The Gospel Lens ~ God Is…

In Mark 4:21-34 Jesus told several parables of small things that mattered.  He paid attention to detail. He was attentive. Since Jesus is God and came to reveal the Father, I believe God is attentive.

The scriptures can be searched to see if what I believe about God is supported elsewhere. Indeed, God is shown to be attentive in other ways ~ He notices when a sparrow falls (Matthew 10:29), captures every tear in a bottle (Psalm 56:8), and can number the hairs on my head (Luke 12:7).

Because God is attentive, in the gospel story I am seen and known.  If I am seen and known, I don’t have to search for relationships to fulfill my need to be understood. I already am understood. Because of that I am able to approach relationships from a stable and firm foundation, already filled, and able to allow others to be themselves. Because God is attentive, I don’t have to clamor for attention when I feel small. I don’t have to make a big splash for God to notice.  This peace and security is available to me because Jesus lived as a man and showed me what God is like, and because He restored my relationship with God.

Jesus is the hero. And it’s good news!

That’s the gospel.

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Some Notes on Gospel Application

Studying the Bible searching for the gospel message and with a goal of getting to know Jesus is a whole different mindset than studying to learn information, instruction or correction. The questions I ask when studying to know Jesus are:

  1. What is God like? “God is…”
  2. What did Jesus do to show me what God is like? “In the Bible reading Jesus….”
  3. Who does that say I am? “In the gospel story I am…”
  4. How does this affect how I live? “Because God is …, then I… “

It’s always a good idea to submit your conclusions to a comparison of other scripture and to share with allies ~ other people who are also searching to know Jesus. In this way you can make sure you didn’t pull some far-out-there idea out of the depths of your brain rather than listening to the Holy Spirit. The Holy Spirit will only speak truth concerning God and will not contradict Himself. So the ideas we come upon when studying to know Jesus will broaden and deepen our understanding, but will not contradict what He has already revealed.

Notice the power of my conclusions when they are based on what I have learned about God and who I am in Christ. That’s a picture of my being made whole because of what Jesus did for me. That’s the result of faith in God’s relational consistency towards me.

Imagine that instead of relying on what Jesus had accomplished to change my heart, I had simply said, “I need to be more at peace and feel more secure in my relationships.” While peace and security are healthy, if I am trying hard to act that way because that’s what I believe I must do, my success relies entirely on my own strength and I am the hero… if I succeed.  It’s nothing but self-talk and positive thinking at best ~ even if I got my advice from the Bible.  It’s self-righteousness. It’s not the gospel.

The Bible contains doctrinal proof, standards for moral living and lessons and instruction of various kinds. The text above could have been studied asking the questions of “what does it all mean? What am I supposed to do based on what I read? Where is the lesson? Is there a doctrine hiding in this?” And those answers are all in there.  But that doesn’t save me. That doesn’t give me a new heart. Information can’t save. Jesus saves.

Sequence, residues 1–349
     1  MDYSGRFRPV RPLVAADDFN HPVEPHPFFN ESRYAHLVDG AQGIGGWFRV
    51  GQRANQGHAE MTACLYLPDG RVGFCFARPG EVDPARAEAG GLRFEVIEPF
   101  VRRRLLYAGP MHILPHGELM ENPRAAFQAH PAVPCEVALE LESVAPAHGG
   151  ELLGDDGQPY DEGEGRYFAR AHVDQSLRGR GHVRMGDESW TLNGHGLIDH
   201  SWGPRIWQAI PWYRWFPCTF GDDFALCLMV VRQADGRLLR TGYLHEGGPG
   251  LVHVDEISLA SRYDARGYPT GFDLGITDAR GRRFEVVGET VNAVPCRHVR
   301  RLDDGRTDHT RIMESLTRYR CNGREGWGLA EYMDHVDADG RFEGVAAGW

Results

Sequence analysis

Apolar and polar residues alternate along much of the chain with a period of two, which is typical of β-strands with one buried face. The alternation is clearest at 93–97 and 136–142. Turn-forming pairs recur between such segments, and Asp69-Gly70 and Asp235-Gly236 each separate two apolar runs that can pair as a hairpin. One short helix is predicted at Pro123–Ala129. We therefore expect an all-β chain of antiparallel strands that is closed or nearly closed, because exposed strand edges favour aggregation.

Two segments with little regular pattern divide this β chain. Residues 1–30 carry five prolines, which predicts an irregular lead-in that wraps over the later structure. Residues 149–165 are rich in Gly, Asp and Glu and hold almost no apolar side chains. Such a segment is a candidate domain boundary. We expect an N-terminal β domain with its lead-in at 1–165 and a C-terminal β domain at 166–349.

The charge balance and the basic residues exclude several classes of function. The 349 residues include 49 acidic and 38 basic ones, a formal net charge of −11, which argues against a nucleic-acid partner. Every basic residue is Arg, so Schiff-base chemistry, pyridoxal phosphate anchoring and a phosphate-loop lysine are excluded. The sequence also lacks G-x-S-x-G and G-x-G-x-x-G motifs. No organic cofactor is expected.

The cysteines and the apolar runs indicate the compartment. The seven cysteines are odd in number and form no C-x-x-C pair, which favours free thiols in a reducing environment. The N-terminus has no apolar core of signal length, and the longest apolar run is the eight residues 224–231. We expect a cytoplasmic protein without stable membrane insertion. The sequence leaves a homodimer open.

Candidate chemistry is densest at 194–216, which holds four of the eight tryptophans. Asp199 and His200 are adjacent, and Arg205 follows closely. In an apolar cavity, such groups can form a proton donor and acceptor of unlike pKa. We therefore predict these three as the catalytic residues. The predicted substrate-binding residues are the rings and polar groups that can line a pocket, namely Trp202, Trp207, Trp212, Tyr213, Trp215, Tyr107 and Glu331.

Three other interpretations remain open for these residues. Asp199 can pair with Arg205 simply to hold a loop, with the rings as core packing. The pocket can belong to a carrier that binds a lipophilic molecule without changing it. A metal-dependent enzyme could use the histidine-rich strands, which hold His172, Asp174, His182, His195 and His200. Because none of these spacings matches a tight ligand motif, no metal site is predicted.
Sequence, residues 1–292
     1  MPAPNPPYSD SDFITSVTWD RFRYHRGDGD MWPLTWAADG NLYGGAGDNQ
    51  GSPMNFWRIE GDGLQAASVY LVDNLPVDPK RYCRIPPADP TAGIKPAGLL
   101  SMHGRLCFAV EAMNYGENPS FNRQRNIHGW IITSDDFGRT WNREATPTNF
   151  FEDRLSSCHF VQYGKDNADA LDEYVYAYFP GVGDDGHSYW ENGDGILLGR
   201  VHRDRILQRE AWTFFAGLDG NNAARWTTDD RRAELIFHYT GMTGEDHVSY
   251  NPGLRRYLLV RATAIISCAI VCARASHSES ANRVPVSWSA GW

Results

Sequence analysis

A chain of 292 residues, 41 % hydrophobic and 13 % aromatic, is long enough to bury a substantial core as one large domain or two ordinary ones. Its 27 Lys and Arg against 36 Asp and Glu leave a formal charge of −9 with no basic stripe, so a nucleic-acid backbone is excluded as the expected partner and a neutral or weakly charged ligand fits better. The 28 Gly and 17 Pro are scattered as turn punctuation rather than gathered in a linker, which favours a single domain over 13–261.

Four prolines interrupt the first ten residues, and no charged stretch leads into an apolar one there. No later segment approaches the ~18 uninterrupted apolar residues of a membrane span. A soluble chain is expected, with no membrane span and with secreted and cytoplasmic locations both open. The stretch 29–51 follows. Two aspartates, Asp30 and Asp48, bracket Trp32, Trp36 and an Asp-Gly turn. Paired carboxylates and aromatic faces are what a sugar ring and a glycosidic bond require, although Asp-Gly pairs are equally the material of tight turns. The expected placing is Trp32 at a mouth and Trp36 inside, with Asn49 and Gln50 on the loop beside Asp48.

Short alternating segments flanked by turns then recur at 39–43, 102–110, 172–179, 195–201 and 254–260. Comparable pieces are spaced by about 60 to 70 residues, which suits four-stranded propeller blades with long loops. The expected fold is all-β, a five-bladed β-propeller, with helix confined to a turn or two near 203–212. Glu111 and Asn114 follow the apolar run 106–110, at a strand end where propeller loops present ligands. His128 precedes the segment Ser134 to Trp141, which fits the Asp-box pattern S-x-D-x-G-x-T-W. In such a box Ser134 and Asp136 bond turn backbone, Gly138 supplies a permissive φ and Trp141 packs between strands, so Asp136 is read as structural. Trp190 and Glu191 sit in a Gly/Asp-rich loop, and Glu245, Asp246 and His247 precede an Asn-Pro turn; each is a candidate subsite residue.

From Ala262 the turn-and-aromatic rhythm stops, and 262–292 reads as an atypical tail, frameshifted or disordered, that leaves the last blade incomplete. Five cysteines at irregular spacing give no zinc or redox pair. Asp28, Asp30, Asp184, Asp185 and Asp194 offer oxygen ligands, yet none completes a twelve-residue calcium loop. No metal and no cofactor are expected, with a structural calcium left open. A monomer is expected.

In the list of should’s, must’s and have to’s there is condemnation, a heavy burden and death of the soul. In the gospel of Jesus, there is restoration, a light burden, and eternal life.

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Studying  with the primary purpose of finding information reminds me of John 5:39 “You search the Scriptures, for in them you think you have eternal life; and these are they which testify of Me.”  I challenge you to read the scriptures looking for the testimony of Jesus. And see how He changes your life.

 

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Jesus is the Better…

The woman’s life was in shambles. She’d been abused by men in every way since childhood. Her brokenness left her searching ~ searching for love in all the wrong places. Her name was Nikki. “Nikki, I’ve got the perfect man for you,” Jeff said. Nikki shrugged and turned away, certain she’d just be disappointed one more time. “No really,” Jeff insisted. “You should meet him. He listens. He’s patient. He is tender and compassionate. He gently pursues. I’ve never met a more genuine man.” He had Nikki’s attention. “Yes! I want to meet him!” she exclaimed.  Jeff smiled. “His name is Jesus. I’d love to introduce you.”  Nikki eventually did meet Jesus. And she found Him to be the perfect man. He met all of her longings.

As I heard Jeff tell the story, I began to understand how Jesus is the answer for our every longing on an entirely different level. But unless we take the time to get to know Jesus, the solution sounds blind and shallow. “Don’t worry. Jesus is enough. Be happy.”

Another of the stories Jeff told involved a man who was searching for his father’s approval. Unfortunately the man’s dad died when he was 16 and he never experienced his father’s approval. Now as an older man, he was still longing for it. Jeff shared with us some of what he had shared with the man ~ and it was good news!

The man in Jeff’s story is not unique. Our unmet needs from childhood seem to be a very common source of brokenness. All of our parents are imperfect humans doing the best they can. Unfortunately (or perhaps fortunately) their imperfect best will always leave gaps. I’d like to practice speaking gospel truth with you by walking through that particular area of hurt, looking at it through the lens of “Jesus is the better…”. How is Jesus the better parent and what kind of healing can He bring to you and me?  What is the identity He offers?  How did He live out what we are craving?